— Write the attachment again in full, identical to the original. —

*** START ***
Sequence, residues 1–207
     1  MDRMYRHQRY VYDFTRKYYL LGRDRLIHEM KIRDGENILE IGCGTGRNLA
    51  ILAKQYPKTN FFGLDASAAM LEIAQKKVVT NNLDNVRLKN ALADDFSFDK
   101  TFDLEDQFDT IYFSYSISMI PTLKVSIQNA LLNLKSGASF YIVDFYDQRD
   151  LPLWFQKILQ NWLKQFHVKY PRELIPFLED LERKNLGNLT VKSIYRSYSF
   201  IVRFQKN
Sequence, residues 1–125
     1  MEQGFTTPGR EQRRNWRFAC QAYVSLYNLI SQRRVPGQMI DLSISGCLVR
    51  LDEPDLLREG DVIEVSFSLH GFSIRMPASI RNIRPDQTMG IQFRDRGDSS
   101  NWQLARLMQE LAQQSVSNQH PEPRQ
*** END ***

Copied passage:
Sequence, residues 1–207
     1  MDRMYRHQRY VYDFTRKYYL LGRDRLIHEM KIRDGENILE IGCGTGRNLA
    51  ILAKQYPKTN FFGLDASAAM LEIAQKKVVT NNLDNVRLKN ALADDFSFDK
   101  TFDLEDQFDT IYFSYSISMI PTLKVSIQNA LLNLKSGASF YIVDFYDQRD
   151  LPLWFQKILQ NWLKQFHVKY PRELIPFLED LERKNLGNLT VKSIYRSYSF
   201  IVRFQKN
Sequence, residues 1–125
     1  MEQGFTTPGR EQRRNWRFAC QAYVSLYNLI SQRRVPGQMI DLSISGCLVR
    51  LDEPDLLREG DVIEVSFSLH GFSIRMPASI RNIRPDQTMG IQFRDRGDSS
   101  NWQLARLMQE LAQQSVSNQH PEPRQ